Even the changing seasons can be unexpected and painful, shifting without our consent. But the changing seasons that lead us to a steadfast God change something in us. They grow us. … True goodness is found in surrender to God in any season, as He is the only one who can truly make anything grow. ~ Nicole Zasowski, From Lost to Found

I was out of town when the late-May blizzard hit. I came home to a cracked birdbath, a downed clothesline, leaves everywhere, and a beyond-battered maple.

The tree that had grown for decades to eventually shade the entire south side of the house was missing huge chunks of its lush, globular canopy. Massive limbs had broken under the weight of snow and ice on almost-summer-sized leaves; that the branches hadn’t fallen on the house or split the trunk base was grace alone.

That’s probably why I didn’t cry: I was just relieved that the damage wasn’t worse. The tree was so tall, I wouldn’t have been able to shake off the snow even if I’d been home. C’est ce que c’est, non?

Over the summer, I tried not to think about the missing spots of shade or the tree’s now-lopsided silhouette. I avoided angles that highlighted the ugly, gaping center — a sad void that would take decades more to fill back in. Instead, I focused on how much of the tree remained, on the truth that new leaves and water sprouts hinted at a long, full life to come.

The next year, I hung the hummingbird feeder in its usual spot under the maple. I was getting used to the tree’s new shape, its negative spaces — but I was always combing  bark and bare spots, anxious for signs of growth.

Until the hummingbirds came.

They didn’t just drink and flit away as in years past. They stayed. They fed, then lighted on small now-dead branches. They settled in to preen, to rest — always keeping a watchful eye through sparse leaves. Leaves that had once been too thick for their peace of mind.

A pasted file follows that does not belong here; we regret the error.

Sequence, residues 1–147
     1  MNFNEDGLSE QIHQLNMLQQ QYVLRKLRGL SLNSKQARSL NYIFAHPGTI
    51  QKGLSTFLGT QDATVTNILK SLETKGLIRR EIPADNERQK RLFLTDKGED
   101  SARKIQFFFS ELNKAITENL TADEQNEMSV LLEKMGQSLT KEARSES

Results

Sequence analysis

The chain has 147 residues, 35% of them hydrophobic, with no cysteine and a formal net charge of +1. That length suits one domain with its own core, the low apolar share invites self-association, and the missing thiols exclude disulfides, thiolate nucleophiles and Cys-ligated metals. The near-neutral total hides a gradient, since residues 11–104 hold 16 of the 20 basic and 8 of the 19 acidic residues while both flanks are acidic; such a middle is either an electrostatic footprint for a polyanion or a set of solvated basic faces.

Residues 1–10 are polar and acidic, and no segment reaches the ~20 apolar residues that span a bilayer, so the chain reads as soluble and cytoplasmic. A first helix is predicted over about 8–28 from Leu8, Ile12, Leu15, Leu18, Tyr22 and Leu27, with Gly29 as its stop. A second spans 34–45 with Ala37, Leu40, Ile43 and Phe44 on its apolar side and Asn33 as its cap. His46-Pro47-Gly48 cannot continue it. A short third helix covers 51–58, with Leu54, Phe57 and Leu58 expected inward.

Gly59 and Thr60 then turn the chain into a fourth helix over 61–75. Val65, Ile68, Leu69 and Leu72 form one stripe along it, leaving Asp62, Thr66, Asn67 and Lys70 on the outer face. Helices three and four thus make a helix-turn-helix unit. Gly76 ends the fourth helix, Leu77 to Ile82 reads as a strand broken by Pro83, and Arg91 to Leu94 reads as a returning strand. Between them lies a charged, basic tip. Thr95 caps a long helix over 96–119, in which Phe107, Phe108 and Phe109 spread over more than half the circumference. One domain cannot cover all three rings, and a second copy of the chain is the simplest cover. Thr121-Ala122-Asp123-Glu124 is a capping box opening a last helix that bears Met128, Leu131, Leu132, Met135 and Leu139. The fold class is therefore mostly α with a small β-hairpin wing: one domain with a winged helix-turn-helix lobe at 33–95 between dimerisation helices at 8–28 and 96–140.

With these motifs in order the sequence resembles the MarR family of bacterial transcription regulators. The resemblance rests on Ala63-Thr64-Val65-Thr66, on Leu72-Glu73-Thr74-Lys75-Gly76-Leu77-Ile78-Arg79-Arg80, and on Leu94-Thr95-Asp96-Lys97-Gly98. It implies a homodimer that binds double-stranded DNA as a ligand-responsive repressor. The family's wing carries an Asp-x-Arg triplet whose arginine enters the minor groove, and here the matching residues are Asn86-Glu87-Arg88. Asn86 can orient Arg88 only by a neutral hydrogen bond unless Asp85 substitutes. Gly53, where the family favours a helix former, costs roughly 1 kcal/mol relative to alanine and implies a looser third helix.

The storm that tore through a beautiful, healthy, huge tree had left behind not unsightly devastation but the perfect nook for hummingbirds: A place of shade and sun and long views and twigs rightsized for minuscule feet.

Pain can strike with sweeping, indiscriminate hacks or targeted chiseling. But whatever in life might seem an incalculable loss, an irreparable damage, we’re wise to remember that our scars can be sources of refuge and rest for someone else.

May we not be too quick to wish things back to what they were. Rather, may we pray for eyes to see how our wounds soften us, strengthen us, broaden our views, reinforce our eternal hope, and create safe space for other souls.

shallow focus photography of green humming bird

The Peace of Wild Things
Wendell Berry

When despair for the world grows in me
and I wake in the night at the least sound
in fear of what my life and my children’s lives may be,
I go and lie down where the wood drake
rests in his beauty on the water, and the great heron feeds.
I come into the peace of wild things
who do not tax their lives with forethought
of grief. I come into the presence of still water.
And I feel above me the day-blind stars
waiting with their light. For a time
I rest in the grace of the world, and am free.